R-2R ladder DAC
The most common way to build a DAC is to use a R-2R ladder circuit. Make: Online has a photo-guide for building one. However, this DAC has no output buffer, which would make this circuit a bit more reliable and working with all kinds of loads.
|MAKE: Online's DAC shield|
Make: Online - Proto-DAC shield for Arduino
A Direct digital synthesizer build using a R-2R ladder DAC - This is worth a look if you're interested in outputting audio.
R-2R ladder DAC with output buffer
For the best results, you should use an output buffer in the DAC. The buffer separates your R-2R ladder from the load you connect it to and makes the result non load dependent. Here's maybe the best tutorial I've seen for a R-2R DAC with an output buffer. It uses a common LM358 operational amplifier that can be driven from single supply. Note that in order to get the full output range to work with this circuit, you need to have a higher than 5V supply for the LM358. Of course, another way to get around this problem is to use a 5V supply but put a simple voltage divider in front of the op amp. Then you'll get lower than 5V output but don't lose fidelity.
|Ikalogic's R-2R DAC with an output buffer.|
Ikalogic's very good page on R-2R DACs
The 2 cent DAC by raalst
A very clever solution utilizing the integrated pullup resistors on the Atmega chip. You need only 1 resistor and as many output pins as you want bits. The output is a bit crude but 500kHz could be reached. The internal pullups are specified to be minimum 20kohms and maximum 50kohms so the result might not be the most accurate.
Arduino Forum - The 2ct DAC
Simple 10-bit DAC by avdweb
This design uses only two output pins, and the circuit is fairly simple, utilizing an op amp. The max settling time is 20ms, which is way too low for audio output. But the settling time could be enhanced with a circuit modification...
Arduino Forum - Simple 10-bit DAC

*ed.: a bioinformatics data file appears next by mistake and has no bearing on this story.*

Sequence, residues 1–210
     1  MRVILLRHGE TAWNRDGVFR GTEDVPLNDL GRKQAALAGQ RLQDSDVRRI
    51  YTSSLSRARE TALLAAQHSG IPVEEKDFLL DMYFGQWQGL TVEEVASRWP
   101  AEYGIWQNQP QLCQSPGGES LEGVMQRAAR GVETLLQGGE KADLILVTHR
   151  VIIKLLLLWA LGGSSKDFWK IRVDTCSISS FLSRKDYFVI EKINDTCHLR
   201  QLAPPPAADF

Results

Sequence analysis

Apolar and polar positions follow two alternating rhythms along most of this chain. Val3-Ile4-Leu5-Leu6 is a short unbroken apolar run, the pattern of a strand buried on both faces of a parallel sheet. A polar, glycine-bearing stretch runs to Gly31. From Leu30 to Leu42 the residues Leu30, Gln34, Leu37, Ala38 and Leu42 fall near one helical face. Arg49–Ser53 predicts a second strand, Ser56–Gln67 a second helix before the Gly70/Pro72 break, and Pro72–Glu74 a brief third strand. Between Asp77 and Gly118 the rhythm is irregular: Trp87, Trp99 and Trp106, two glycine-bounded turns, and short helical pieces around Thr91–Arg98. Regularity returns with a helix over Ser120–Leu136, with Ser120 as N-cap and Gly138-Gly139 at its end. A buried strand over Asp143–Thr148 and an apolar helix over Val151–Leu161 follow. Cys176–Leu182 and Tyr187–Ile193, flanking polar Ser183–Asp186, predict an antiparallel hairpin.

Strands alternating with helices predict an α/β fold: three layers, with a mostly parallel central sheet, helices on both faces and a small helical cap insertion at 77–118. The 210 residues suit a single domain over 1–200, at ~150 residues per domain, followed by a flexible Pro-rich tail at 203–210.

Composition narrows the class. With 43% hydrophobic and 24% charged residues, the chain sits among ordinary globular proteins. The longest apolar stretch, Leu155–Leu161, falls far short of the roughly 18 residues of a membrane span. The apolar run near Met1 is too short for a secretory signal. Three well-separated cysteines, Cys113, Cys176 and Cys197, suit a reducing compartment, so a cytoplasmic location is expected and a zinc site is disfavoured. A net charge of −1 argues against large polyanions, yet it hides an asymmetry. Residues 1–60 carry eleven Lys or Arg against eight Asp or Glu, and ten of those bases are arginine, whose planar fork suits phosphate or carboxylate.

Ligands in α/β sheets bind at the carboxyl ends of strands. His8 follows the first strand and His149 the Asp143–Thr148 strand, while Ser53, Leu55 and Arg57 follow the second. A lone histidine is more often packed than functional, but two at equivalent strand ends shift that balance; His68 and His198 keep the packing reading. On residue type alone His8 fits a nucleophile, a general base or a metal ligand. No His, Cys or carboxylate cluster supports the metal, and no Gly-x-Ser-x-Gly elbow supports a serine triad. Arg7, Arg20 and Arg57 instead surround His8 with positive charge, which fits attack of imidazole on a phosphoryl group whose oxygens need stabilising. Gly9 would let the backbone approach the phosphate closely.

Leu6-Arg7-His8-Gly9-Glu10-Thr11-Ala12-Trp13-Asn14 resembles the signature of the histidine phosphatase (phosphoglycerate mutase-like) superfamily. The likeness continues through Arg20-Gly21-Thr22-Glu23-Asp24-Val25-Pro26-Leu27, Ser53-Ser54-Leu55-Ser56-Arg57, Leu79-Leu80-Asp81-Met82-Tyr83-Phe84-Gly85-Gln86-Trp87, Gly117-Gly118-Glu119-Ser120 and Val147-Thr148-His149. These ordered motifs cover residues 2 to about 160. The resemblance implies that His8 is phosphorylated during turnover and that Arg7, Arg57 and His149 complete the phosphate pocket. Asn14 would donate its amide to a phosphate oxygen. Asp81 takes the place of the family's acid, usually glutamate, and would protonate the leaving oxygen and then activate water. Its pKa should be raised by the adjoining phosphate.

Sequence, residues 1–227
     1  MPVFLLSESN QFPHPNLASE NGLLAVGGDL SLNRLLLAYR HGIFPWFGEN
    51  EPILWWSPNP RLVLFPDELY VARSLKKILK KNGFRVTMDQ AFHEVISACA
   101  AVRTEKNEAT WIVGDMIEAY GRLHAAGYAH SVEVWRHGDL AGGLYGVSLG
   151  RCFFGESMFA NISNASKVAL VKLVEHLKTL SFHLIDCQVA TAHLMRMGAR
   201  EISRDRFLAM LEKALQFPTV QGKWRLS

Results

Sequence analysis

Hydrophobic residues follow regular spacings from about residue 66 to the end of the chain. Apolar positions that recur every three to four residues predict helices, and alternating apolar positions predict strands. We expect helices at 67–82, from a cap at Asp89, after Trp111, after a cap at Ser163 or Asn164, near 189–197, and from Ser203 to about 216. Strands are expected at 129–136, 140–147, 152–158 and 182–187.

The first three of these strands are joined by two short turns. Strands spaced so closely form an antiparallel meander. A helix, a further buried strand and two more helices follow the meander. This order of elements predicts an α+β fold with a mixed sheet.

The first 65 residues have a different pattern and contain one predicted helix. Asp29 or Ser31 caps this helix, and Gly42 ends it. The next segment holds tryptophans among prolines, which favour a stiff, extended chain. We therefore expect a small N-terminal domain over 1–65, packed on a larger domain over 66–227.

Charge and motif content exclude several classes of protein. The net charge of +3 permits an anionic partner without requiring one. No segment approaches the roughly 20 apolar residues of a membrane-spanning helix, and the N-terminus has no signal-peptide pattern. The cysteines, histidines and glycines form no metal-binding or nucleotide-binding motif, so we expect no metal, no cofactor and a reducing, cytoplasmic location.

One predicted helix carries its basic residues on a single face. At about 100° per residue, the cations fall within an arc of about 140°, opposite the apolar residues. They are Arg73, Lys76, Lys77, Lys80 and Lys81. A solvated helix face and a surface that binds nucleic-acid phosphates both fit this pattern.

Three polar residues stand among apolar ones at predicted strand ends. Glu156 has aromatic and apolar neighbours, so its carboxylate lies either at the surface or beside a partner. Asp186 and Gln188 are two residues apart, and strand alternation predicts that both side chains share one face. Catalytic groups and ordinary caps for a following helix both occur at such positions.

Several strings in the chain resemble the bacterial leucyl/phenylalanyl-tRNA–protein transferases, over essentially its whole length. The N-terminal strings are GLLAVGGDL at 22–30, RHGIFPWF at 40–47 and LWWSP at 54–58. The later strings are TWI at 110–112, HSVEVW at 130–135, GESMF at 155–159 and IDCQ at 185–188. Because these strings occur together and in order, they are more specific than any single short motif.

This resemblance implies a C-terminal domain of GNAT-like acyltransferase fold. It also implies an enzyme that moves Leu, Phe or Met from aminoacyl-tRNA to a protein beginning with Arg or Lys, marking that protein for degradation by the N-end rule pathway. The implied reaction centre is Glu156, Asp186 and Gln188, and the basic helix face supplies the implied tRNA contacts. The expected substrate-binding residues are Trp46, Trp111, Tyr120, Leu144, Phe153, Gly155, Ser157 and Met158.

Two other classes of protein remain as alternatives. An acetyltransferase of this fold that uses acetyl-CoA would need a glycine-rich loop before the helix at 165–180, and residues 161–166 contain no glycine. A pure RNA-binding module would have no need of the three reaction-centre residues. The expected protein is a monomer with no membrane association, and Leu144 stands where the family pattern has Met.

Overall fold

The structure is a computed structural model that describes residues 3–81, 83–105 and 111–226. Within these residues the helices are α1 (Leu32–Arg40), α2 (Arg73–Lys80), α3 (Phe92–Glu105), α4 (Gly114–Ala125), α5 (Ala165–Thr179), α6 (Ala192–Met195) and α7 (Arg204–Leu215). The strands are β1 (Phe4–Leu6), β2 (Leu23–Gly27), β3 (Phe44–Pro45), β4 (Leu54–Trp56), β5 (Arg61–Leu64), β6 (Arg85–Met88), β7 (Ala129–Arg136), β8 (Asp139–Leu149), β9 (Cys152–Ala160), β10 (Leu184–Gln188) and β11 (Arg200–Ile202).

avdweb - Simple 10-bit DAC
Using the PWM as a DAC
Of course, you can also use the PWM outputs to get an analog output signal from the Arduino. Just put a low pass filter after the PWM output to get a nice & smooth output with a frequency range up to 16kHz, according to this Lab3 experiment.
|A direct digital synthesizer realized with Arduino's PWM output.|
Lab3 - Arduino DDS using PWM
Resistor/PWM hybrid DAC
This is a good explanation on how to combine two PWM outputs in order to double the bit resolution. So combining two 8-bit arduino PWM outputs you can get a 16-bit PWM output! Remember Arduino's limits if you plan on going down this road. I mean, the Atmega chip is just 8-bit...
Link doesn't work? Try this one via the Wayback Machine
SPI-interfacing two Microchip MPC4921 DAC chips with Arduino
Stepan Schulz used SPI to interface two MPC4921 12-bit DAC chips. This saves you pins compared to the R-2R ladder. Using the onboard SPI of the Arduino like Stepan, you need 5 pins, but you can save one (maybe even two) if you code the SPI code by hand.
Stepan's post on the Arduino forum
See the code here
Audio shield with MCP4921 DAC
Adafruit industries' Wave shield is an audio shield for Arduino that also uses the MCP4921 SPI DAC chip. You can play back 12-bit 22kHz wav files. This means the maximum output frequency is 11kHz.
Adafruit Industries - Wave shield
Midivox - synthesizer shield with the MCP4921
Another shield that uses the MCP4921 DAC chip. This one's quite cool, it's a monophonic synthesizer with MIDI input and the synth engine has an attack / release generator and a cool filter! Proves that the Arduino can be used to generate synth sounds.
Narbotic instruments - Midivox - A synth shield featuring the MPC4921.
DAC using AD420 16-bit serial-input DAC
Shaduzlabs.com has a good article for using the AD420 with Arduino. There's schematics, pictures and a code example.
Shaduzlabz.com - High-accuracy 16-bit DAC for Arduino
That's it for now. Thanks for reading! Please comment, if you have anything to add!
[Edit: randy pointed out this site with some hints for Arduino audio DAC solutions. Thanks!]